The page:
Showing posts from 2012

Merry Christmas!

Two simple words but for many Christians around the world, they speak volumes. For them it is a very significant time in their religious calendar as they celebrate the birth of Jesus Christ whom they worship as the Son of God, the Messiah and the Saviour of the World.

Two minutes ago, I received this email from a Hindu friend:

“Regardless of one's religion, Christmas is a time for counting our blessings and offering thanks! I am blessed to have known you. I wish you and your family Merry Christmas, Happy 2013 and HAPPINESS always!”

I am glad that in our multi-racial and multi-religious nation, we are able to join our Christian friends in their celebration regardless of our own faith traditions. As Singaporeans we celebrate each other’s special holy days including Deepavali (Hindu), Vesak Day (Buddhist), and Hari Raya Puasa (Muslims). These holy days are gazetted public holidays for all Singaporeans.

About this time last year, I read a piece by the Sultanah of Johor, Raja Zarith…

Out of the Mouths of Babes...

On the basis of some recent studies, Yale psychologist Paul Bloom concludes that humans are born with a hard-wired morality. He thinks that a deep sense of good and evil is bred in the bones. Experiments with babies and toddlers found that they are able to judge goodness and badness in the behaviour of others. Researchers also found them desiring to reward the good and punish the bad. They even act to help those in distress and they feel guilt, pride and righteous anger.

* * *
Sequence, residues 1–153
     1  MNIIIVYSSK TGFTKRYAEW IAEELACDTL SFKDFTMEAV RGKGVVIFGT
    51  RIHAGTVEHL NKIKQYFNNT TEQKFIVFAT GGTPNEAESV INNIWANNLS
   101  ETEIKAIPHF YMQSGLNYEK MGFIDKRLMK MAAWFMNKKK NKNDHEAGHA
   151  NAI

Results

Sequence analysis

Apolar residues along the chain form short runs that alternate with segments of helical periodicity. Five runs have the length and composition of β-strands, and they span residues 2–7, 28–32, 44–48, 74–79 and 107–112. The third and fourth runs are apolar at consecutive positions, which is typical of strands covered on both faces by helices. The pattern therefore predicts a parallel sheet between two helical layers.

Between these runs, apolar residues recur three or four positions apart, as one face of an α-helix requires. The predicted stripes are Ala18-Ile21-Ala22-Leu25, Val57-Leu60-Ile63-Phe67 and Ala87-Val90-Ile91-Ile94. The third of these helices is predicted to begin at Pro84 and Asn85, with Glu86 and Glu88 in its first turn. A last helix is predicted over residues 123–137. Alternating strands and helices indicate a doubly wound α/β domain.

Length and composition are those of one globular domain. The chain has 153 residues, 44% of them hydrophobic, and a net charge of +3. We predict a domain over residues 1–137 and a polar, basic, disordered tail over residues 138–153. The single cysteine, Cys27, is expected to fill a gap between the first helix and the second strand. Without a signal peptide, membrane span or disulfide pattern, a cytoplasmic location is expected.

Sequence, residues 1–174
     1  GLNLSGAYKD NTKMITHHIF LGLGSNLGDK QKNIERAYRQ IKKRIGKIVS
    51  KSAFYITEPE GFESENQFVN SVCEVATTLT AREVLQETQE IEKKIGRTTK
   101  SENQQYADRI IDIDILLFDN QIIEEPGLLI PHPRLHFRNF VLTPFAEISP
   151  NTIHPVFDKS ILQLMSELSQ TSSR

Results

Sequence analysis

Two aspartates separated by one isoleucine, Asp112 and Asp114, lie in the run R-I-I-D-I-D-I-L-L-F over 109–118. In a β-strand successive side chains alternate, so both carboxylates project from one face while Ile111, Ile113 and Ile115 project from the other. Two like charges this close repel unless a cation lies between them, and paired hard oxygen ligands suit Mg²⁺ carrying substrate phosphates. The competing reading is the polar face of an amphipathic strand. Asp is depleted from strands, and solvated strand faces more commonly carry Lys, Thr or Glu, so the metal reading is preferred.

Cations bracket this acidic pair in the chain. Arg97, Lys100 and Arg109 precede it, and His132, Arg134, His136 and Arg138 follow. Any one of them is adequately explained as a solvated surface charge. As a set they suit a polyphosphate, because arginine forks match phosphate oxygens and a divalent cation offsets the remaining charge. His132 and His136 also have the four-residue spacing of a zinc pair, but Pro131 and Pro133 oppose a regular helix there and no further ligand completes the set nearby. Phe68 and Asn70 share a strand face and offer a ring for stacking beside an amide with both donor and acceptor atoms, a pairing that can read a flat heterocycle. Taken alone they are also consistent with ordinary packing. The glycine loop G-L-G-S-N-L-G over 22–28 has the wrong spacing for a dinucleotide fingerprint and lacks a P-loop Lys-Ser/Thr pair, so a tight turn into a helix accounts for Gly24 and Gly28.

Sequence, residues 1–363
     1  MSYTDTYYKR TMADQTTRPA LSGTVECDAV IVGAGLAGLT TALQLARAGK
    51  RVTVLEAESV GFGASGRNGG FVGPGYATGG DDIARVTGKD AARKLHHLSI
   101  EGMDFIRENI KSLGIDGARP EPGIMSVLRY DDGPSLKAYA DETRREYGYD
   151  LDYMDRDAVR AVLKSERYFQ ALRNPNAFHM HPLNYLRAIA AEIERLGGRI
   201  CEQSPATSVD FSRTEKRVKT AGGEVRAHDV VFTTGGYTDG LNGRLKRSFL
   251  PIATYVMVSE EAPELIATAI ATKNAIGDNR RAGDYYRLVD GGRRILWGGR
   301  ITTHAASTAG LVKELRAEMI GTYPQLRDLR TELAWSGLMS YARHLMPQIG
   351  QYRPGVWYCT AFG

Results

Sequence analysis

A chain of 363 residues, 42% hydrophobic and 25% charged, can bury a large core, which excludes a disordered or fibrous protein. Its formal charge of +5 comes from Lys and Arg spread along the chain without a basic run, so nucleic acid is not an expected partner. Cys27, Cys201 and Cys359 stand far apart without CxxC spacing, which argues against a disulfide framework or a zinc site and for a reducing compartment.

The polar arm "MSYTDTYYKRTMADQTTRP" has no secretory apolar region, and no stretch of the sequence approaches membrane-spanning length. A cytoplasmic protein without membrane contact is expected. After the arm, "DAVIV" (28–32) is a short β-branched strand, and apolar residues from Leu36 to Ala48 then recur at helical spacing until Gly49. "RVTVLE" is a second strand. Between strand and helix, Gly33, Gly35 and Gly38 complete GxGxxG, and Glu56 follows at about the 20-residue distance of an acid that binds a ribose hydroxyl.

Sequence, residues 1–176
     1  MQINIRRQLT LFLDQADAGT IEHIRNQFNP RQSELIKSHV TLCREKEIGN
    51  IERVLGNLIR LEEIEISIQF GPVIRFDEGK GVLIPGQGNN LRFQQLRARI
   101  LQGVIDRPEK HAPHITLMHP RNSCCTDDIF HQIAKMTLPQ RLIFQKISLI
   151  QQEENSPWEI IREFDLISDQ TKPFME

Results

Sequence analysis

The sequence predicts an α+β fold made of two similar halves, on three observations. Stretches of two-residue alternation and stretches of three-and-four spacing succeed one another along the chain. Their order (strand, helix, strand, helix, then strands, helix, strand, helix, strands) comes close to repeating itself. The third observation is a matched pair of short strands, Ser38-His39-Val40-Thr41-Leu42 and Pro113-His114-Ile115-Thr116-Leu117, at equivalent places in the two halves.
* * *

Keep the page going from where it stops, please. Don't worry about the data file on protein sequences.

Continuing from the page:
These tentative findings are encouraging for those of us who believe that given the right role models and education, children will become kind and gracious adults. They show that babies and toddlers are sensitive to third party interactions of a positive and negative nature, and according to Bloom, this influences how they behave toward others and later on, how they talk about them. They are useful moral foundations, to say the least.

For a year now we have published a newsletter for the primary school children …

A Cleaned City Is Not a Gracious City

My friend Liak Teng Lit is right to say that we are a cleaned city and not a clean city. In fact we are not even a thoroughly cleaned city. A few weeks ago, I joined a number of community leaders and concerned citizens on a Saturday morning to do some litter-picking. There were 82 of us. Armed with a garbage bag and a picker each, we fanned out into the vicinity of several blocks of HDB flats. Within less than 2 hours, we returned with bags full of garbage.

We found them under bushes, beside parked cars, at the children’s playground, on and around benches. There were rusted cigarette lighters, small bottles filled with stagnant water, broken glasses, styrofoam and plastic cups, drinking straws, paper bags, plastic bags, tissue paper, etc etc.

What is most troubling is that in some cases, the garbage bin is only a few steps away.

Last night my wife and I ate at a hawker center. There is in fact a tray return point though it is not too conspicuous. We sat near the tray return poi…

Kindness in the London Tube

I am writing this from London where I am chairing the 7th General Assembly of the World Kindness Movement. 12 members from 9 countries are represented here. Some folks at home think that only Singapore has a kindness movement. Let me assure you that the 12 movements represented at this Assembly is only a fraction of the numerous kindness movements in the world. At this Assembly, we hope to come up with a strategy to onboard more members from around the world. When we are able to join the dots represented by the movements with the common goal of spreading kindness, we can make a difference in inspiring a more peaceful world.